75 Years of Flash and Panache

75 Years of Flash and Panache

Posted by Mike Finnegan on Jun 14th 2018

The compelling British-born and American-absorbed character actor whose arguably four most famous faces are that of futuristic droog gang leader Alex (Stanley Kubrick’s Clockwork Orange), the cunningly crooked Mick Travis of a venerable Lindsay Anderson trilogy (If…, O Lucky Man!, Britannia Hospital), a brutally sinister off-the-rails Caligula and a sensitive and lovestruck H.G. Wells (Nicholas Meyer’s Time After Time) turned 75 yesterday. You really can’t tell because the prolific Malcolm McDowell, lately of Mozart in the Jungle, works with the energy and alacrity of a voracious, eternally youthful repertory company player in all manners of genres and mediums, not to mention cool animated voice work too. A strong and splendid candidate for McDowell’s fifth most famous movie face might just be the rascally reprobate that cut quite a scandalous swath through 12 historical books by the canny novelist/screenwriter George Macdonald Fraser, a Victorian era British Army office who always manages to emerge on top despite being, in Fraser’s words, “a scoundrel, a liar, a cheat, a thief, a coward – and, oh yes, a toady.” The character is Harry Paget Flashman, the movie is director Richard Lester’s cheeky, comic carnival ride Royal Flash (1975, adapted for the screen from his second Flashman tome by Fraser himself), and in the company of superb fellow players as Alan Bates, Oliver Reed, Florinda Bolkan, Britt Ekland, Joss Ackland, Christopher Cazenove, Tom Bell, Alastair Sim, Bob Hoskins, Michael Hordern and Lionel Jeffries, McDowell manages the hair’s-breadth feat, in an ensemble of scene stealers, of emerging on top, due to his “fine, manic intensity,” The New York Times’  Vincent Canby proclaimed, adding: “Harry can't even smile straight. The corners of his mouth go up in the expected fashion but in the middle of it there's a misplaced leer. Ever optimistic, Harry keeps his leer at the ready, even though he’s the sort who loses when playing strip poker with a girl.”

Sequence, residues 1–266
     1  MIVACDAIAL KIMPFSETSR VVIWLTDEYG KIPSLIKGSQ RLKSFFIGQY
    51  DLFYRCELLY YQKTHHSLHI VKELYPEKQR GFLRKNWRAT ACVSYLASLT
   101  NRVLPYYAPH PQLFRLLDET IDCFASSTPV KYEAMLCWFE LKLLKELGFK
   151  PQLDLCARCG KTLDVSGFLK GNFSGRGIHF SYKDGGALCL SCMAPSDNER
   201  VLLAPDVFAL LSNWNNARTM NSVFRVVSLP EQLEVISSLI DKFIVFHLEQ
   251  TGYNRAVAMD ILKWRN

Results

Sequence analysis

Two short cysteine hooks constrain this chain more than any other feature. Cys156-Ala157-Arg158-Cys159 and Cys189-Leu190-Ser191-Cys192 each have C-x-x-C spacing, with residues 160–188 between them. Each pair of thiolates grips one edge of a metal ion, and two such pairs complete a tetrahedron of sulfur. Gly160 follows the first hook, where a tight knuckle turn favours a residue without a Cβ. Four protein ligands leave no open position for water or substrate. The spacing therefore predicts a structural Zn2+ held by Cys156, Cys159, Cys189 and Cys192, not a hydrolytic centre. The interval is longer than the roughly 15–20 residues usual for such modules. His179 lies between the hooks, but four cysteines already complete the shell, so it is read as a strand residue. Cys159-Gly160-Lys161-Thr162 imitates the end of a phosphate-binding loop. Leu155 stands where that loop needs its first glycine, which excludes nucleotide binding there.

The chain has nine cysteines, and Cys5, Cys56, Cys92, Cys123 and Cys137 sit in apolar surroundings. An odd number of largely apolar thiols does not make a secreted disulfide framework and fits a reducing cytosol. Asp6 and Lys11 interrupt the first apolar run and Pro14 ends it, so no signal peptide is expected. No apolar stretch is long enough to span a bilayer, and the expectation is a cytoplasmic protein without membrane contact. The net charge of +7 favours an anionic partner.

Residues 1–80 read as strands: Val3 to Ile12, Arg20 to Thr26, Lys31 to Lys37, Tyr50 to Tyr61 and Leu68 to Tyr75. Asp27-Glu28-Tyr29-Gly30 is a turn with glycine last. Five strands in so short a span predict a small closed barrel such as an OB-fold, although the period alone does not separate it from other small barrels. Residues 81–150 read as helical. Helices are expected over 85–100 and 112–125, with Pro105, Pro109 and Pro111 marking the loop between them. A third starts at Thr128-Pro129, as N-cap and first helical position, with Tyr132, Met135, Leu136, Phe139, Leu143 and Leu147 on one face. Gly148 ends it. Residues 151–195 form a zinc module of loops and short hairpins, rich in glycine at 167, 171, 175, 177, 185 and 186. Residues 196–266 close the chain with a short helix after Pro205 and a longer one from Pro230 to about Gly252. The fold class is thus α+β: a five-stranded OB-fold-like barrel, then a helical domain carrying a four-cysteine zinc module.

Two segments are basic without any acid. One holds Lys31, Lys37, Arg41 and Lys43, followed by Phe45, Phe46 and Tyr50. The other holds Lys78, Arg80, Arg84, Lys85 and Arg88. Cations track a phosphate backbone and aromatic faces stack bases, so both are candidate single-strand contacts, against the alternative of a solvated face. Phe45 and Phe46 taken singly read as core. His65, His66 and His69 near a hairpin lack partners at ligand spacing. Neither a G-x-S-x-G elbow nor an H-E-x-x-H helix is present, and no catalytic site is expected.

Thanks to Twilight Time’s extras-lavished Royal Flash hi-def Blu-ray, the underappreciated film and its dandy McDowell lead turn have gained new admirers in recent years, such as Screen Anarchy’s Peter Martin (read his piece here: http://screenanarchy.com/2017/02/70s-rewind-royal-flash-richard-lesters-comic-19th-century-adventure.html) and Slant Magazine’s Bill Weber (explore his take here: https://www.slantmagazine.com/dvd/review/royal-flash). Interestingly, James M. Tate of Cult Film Freaks draws intriguing parallels with Kubrick’s Barry Lyndon, which arrived in theaters just two months after Royal Flash (examine it here: http://www.cultfilmfreaks.com/2016/06/LFlasH.html). Thanks to the label’s current Twentieth Century Fox limited-time sales promotion now through July 5, this ribald romp is too good to pass up at 77% off original list. Grab it exclusively here: http://screenarchives.com/title_detail.cfm/ID/26423/ROYAL-FLASH-1975/. It clearly demonstrates that this diamond jubilee birthday honoree is no mere Flashie in the pan!